When was the Kansas Turnpike built?
Is the KTA part of the state highway system?
Why are tolls charged for driving on the Kansas Turnpike?
Is tax money used for the operation of the Turnpike?
When will the bonds be paid off?
Why are tolls charged on some interstate highways and not on others?
How and when are tolls collected on the Kansas Turnpike?
What is a Self-Pay machine?
Does KTA perform “Video Tolling”?
Why are gates used on some KTA lanes?
How do I know what my toll will be?
How much time is allocated for my trip?
Can I stop for gas, food, or restroom?
May I leave my car at the interchange and ride with someone else?
What points of interest are on the Turnpike?
Why is there a median barrier on the Turnpike?
How can I get weather information for the Turnpike?
How can I get emergency service?
How can I learn more about K-TAG, electronic toll collection?
The 236-mile Turnpike was constructed in 22 months and opened to traffic October 25, 1956.
In 1953, the legislature created the KTA as a separate, quasi-public organization. More specifically, the legislature wanted to make it clear that any Turnpike debt was not considered a debt of the state or any political subdivision of the state.
In 2013, HB 2234 brought the Turnpike under the umbrella of the State's Department of Transportation and specified that the KDOT Secretary of Transportation would also serve as KTA's Director of Operations. This serves to unify the voice of transportation in Kansas.
Tolls are the major source of revenue to maintain and operate the Turnpike as well as pay back bondholders who loaned private capital to finance, construct and reconstruct the Turnpike.
No tax dollars have been used on the Kansas Turnpike. Instead, tolls are used to pay for the 236-mile roadway, which allows traditional funding to better serve Kansas' non-tolled transportation system.
The original 1954 bond issue has been paid off and new bonds have been issued for financing safety improvements, major reconstruction projects and upgrading. All KTA bonds outstanding are scheduled to be redeemed by 2034.
Tolls are charged on those Turnpikes which were built before the Interstate System was created in 1956. Many states, particularly in the East, already had Turnpikes built when the interstate routes were selected. The Federal planners chose not to build parallel interstate routes nor to buy back all the bonds loaned to the Turnpikes from private investors. Instead they chose to use tax dollars to speed construction of the non-toll interstate segments and to save billions of tax dollars by not building duplicate highways.
K-TAG customers normally do not have to stop when they exit and can proceed slowly through the plaza as their K-TAG is read electronically and the toll is charged to their account. Fares for K-TAG customers are between 5 and 25 percent less than a cash customer, depending on the number of axles and the type of K-TAG account.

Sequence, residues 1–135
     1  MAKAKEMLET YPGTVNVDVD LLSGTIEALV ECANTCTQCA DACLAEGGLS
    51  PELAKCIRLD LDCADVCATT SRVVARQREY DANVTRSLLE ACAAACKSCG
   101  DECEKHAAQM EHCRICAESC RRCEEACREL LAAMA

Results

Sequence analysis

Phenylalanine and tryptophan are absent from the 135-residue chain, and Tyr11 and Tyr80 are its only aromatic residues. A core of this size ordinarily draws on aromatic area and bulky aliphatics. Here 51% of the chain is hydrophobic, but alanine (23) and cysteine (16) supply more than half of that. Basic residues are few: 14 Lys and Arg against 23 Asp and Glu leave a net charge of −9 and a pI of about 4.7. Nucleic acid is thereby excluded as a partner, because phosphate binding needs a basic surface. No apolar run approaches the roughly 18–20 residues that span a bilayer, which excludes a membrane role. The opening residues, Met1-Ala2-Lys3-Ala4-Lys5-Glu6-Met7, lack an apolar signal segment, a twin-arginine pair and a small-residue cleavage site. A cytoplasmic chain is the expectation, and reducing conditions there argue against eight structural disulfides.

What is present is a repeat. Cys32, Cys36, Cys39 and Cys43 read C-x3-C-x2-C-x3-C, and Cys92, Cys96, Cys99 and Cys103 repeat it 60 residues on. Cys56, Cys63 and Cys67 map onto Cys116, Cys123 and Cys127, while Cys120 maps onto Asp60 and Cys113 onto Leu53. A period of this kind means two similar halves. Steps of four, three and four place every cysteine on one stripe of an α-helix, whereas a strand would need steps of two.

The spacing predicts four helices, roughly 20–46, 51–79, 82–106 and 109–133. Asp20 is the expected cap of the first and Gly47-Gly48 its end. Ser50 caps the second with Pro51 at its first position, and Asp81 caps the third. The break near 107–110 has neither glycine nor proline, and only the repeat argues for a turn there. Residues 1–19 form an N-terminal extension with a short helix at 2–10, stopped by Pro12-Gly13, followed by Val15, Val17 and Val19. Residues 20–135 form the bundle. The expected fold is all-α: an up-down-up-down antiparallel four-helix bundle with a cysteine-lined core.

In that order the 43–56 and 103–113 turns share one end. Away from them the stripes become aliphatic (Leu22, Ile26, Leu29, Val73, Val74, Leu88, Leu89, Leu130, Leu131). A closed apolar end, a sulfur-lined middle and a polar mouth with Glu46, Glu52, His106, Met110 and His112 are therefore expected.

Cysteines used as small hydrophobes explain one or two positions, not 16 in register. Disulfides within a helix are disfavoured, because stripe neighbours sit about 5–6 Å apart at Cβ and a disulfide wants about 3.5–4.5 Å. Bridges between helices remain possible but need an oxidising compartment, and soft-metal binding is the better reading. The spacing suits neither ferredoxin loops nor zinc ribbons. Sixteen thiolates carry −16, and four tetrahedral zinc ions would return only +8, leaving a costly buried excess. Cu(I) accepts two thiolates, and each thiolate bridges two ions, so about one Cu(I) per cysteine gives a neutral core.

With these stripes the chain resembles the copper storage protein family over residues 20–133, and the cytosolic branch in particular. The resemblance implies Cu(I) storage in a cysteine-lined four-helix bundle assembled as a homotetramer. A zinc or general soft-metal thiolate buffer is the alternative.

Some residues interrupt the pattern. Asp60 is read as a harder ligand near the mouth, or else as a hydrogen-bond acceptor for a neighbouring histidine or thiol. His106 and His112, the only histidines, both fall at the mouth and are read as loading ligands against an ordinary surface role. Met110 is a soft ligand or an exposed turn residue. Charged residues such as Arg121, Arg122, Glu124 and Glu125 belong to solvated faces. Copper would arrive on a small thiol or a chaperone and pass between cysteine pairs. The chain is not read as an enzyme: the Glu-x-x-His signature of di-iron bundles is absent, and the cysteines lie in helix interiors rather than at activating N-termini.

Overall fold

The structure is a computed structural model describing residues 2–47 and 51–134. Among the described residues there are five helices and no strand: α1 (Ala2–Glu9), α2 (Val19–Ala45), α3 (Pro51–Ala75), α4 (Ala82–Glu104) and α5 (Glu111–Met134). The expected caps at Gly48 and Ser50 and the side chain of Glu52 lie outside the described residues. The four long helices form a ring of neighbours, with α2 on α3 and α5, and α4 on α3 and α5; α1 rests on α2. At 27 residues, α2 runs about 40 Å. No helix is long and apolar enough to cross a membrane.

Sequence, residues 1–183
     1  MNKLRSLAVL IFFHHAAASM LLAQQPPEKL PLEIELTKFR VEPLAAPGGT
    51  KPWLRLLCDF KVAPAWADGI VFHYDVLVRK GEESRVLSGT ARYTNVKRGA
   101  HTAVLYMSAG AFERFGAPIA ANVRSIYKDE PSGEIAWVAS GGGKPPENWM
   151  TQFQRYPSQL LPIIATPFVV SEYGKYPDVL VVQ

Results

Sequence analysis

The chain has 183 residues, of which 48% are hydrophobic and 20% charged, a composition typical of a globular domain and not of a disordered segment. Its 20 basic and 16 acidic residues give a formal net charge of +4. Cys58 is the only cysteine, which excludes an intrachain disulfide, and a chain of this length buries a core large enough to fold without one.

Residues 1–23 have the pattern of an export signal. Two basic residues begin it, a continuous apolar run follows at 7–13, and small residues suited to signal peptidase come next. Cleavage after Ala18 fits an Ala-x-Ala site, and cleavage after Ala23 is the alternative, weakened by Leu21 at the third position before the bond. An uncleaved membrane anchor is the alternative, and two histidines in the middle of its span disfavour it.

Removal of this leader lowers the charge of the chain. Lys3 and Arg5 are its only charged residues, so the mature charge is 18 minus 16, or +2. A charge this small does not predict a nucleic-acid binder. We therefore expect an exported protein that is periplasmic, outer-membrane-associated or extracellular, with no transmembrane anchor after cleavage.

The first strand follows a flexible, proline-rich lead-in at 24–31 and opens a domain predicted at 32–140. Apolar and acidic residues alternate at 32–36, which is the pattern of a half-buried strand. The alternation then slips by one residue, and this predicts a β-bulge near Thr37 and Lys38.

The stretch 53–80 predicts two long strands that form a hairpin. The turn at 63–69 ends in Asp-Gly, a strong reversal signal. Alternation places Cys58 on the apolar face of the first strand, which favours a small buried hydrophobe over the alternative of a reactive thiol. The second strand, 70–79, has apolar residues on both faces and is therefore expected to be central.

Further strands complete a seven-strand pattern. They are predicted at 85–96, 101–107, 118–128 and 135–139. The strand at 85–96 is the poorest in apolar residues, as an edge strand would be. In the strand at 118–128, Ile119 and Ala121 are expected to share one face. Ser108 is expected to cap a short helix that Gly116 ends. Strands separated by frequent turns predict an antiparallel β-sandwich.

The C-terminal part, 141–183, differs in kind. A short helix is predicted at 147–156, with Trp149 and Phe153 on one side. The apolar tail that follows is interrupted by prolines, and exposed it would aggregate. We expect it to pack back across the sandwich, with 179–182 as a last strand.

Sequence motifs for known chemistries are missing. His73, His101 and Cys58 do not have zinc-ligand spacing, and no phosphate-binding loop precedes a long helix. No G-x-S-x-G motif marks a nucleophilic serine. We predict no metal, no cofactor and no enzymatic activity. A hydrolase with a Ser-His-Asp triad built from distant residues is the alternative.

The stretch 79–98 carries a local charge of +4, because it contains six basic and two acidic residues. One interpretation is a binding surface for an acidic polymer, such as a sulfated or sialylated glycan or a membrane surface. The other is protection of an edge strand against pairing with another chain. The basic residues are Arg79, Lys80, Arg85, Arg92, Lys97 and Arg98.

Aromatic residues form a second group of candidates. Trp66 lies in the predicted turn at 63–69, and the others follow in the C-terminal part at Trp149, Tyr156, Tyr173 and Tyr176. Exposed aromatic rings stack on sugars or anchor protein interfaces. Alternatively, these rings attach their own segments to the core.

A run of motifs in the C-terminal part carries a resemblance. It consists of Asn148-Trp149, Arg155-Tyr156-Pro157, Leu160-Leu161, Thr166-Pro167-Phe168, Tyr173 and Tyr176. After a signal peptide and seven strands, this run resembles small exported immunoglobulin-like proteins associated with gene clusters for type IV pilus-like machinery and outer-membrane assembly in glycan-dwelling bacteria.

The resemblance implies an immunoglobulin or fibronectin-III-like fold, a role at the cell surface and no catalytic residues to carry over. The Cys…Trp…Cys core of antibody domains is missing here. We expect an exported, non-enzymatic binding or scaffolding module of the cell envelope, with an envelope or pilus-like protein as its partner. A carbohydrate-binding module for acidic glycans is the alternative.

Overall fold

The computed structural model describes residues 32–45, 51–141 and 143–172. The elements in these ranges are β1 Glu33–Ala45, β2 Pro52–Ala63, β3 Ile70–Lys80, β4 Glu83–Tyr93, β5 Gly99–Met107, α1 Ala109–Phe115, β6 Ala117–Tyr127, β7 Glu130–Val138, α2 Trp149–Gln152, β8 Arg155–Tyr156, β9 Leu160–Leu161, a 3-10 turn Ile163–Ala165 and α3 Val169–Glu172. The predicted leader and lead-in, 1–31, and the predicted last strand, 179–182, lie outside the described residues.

If a vehicle does not have a K-TAG, they must stop and pay with US currency or coins, or a valid credit or debit card. If the toll plaza is staffed, a customer may pay with a "comm check" from a commercial company. (For additional payment information, see the question on Self-Pay)
Due to the very low volume of vehicles at some plazas during some time periods, Self-Pay machines are used instead of staffing to reduce KTA labor costs and keep KTA fares as low as possible. A step-by-step color-coded guide is displayed on the Self-Pay machine which instructs the customer how to pay. Instructions are also provided by a real time video screen. All Self-Pay locations are monitored remotely using video and audio equipment, and a customer service representative is always available to help customers verbally if they have questions about the payment system or if they need other assistance.
If a driver is unable to physically operate a Self-Pay machine, we encourage them to obtain a K-TAG for payment convenience. Any customer may apply for a K-TAG through this web site and pay the standard $15 purchase price, but if they have a physical condition that makes it challenging to use a Self-Pay machine, they may apply for a K-TAG at no purchase cost by first contacting the Kansas ADA Coordinator's Office at 785-296-1389. If the ADA office makes an appropriate recommendation, KTA will provide a K-TAG at no purchase cost, but the customer will still be responsible for paying the standard K-TAG fares for each trip and abiding by all established KTA/K-TAG policies.
Some toll road operators use "video tolling" which involves taking a photo of a vehicle's license plate and then billing the registered owner of the vehicle. KTA does not use video tolling due to the substantial financial cost of installing and maintaining the systems and the high percentage of customers who may not be properly billed or choose not to submit payment. (See the next question on Gates for more information on KTA tolling practices)